3. “that is a violation of a legal obligation to the organization, or a violation of law that reasonably might be imputed to the organization, and”

4. “that is likely to result in substantial injury to the organization.”

Even then, the lawyer is only required to act “[U]nless the lawyer reasonably believes that it is not necessary in the best interest of the organization to do so.” Moreover, the Comments to Rule 1.13 state that “[c]lear justification should exist for seeking review over the head of the constituent normally responsible for it,” and that referring the matter to higher authority is to be done only “[i]n an extreme case.”


The term “knows” is defined as “actual knowledge of the fact in question. A persons knowledge may be inferred from circumstances.”


C. Enforcement of the Rule

Lawyers who violate this rule by failing to seek review by higher authority in the organization have been disciplined

[10] and subjected to malpractice claims.


The new Model Rules make it clear that if a lawyer knows an officer or employee for the corporation has undertaken a wrongful act, or intends to act in a way that violates a legal obligation to the corporation or of law that could be imputed to the organization and is likely to result in substantial injury, the lawyer is required to act in the best interest of the corporation, including referral of the matter, if necessary, to the board of directors. Michigan Rule 1.13(b).


A Kansas case, In re Harding, illustrates this point. The respondent, a city attorney, instead of seeking a review by his organizational client, the city council, wrote a letter to the press and others outside the city, complaining of city actions and disclosing client-confidential information.

The Respondent failed to take measures which would minimize disruption of the City and reduce the risk of revealing confidential information when he disclosed confidential information to Mr. Drees, to Mr. Corn, and to the newspaper in his letter to the editor. The Respondents conduct resulted in substantial injury to the City. The Respondent failed to proceed in a manner that was in the best interest of the City. Accordingly, the Hearing Panel concludes that the Respondent violated KRPC 1.13(b). Further, the Respondent violated KRPC 1.13(b)(3) when he failed to try to rectify the misconduct within the City by referring the matter to the highest authority in the City. Finally, the Respondent violated KRPC 1.13(d) when he failed to advise Ms. Neish, the Mayor, and the Chief of Police that his representation of the City might be adverse to them. Accordingly, the Hearing Panel concludes that the Respondent repeatedly violated KRPC 1.13.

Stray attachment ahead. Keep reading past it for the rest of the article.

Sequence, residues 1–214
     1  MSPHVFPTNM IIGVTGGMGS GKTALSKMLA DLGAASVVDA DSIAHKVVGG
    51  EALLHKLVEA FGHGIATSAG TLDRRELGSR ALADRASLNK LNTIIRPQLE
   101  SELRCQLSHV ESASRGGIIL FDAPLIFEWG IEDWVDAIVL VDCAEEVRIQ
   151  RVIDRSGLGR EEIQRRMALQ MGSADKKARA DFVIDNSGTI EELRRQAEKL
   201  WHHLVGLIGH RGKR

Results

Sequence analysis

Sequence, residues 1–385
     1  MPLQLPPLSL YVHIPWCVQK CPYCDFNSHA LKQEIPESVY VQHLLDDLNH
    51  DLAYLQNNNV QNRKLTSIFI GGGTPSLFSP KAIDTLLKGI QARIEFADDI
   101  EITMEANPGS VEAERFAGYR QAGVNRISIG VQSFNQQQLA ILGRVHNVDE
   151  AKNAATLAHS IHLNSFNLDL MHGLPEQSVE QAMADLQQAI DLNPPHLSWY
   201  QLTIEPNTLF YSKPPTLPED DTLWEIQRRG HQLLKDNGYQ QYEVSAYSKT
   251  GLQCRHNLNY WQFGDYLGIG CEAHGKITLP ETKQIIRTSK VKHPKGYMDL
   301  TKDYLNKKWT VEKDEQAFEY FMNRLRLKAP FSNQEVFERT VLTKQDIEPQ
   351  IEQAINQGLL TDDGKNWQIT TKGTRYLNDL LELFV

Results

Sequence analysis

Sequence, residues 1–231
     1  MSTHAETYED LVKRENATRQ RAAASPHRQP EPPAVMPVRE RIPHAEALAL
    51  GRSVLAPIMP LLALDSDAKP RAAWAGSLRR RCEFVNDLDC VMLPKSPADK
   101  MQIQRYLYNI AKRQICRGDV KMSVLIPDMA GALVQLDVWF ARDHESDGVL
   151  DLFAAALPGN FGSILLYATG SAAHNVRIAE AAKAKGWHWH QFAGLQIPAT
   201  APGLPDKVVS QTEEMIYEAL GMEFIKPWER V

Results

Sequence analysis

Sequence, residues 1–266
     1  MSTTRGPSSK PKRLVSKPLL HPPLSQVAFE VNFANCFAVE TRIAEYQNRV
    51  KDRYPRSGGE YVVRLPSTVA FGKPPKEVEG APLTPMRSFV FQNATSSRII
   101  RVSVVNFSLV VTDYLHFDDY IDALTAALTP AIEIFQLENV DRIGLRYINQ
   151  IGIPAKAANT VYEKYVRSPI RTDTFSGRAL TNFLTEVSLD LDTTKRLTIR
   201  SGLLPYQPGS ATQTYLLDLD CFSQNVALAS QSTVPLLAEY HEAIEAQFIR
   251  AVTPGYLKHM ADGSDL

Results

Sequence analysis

In another Kansas case, In re Bergman, a corporations general counsel failed to address or report to the board of directors her knowledge of the diversion and appropriation by two corporate officers of an asset purchase which had been negotiated for the corporation, the attempt to lease the asset to the corporation, and the appropriation of corporate assets for the renovation and improvement of the asset owned by t the two officers. “Under subsection (d), the respondent failed to explain to the board of directors that KCT’s interests were adverse to its constituents, Mr. Somervell and Mr. Mader. As such, the hearing panel concludes that the respondent violated KRPC 1.13(b) and KRPC 1.13(d).”


And in a third Kansas case, In re Diaz, a government lawyer publicly and surreptitiously released concerns about client conduct, including confidential (and classified) information, rather than reporting it up the chain of command. The lawyer was disbarred.

When asked why he did not share with his superior officers his concerns about the Navy’s then-refusal to release the information to Ms. Olshansky, Diaz replied, “I was worried about the effect it would have on me. . . . I wasn’t really to put—willing to put my neck on the line and jeopardize my career at the time. . . . [So], I did it anonymously.” On this latter point, the hearing panel held that “[I]f the Respondent disagreed with the actions taken by his client, the Navy, then the Respondent was duty bound to so inform those with decision making power within the Navy.”


Thus, under Rule 1.13(b), when a corporate lawyer learns that a constituent is violating a legal obligation to the organization or violating a law reasonably imputable to the organization and likely to result in substantial injury to the organization, the lawyer has an obligation to report up the organization’s chain of command, even if the constituent is the lawyer’s direct supervisor. This...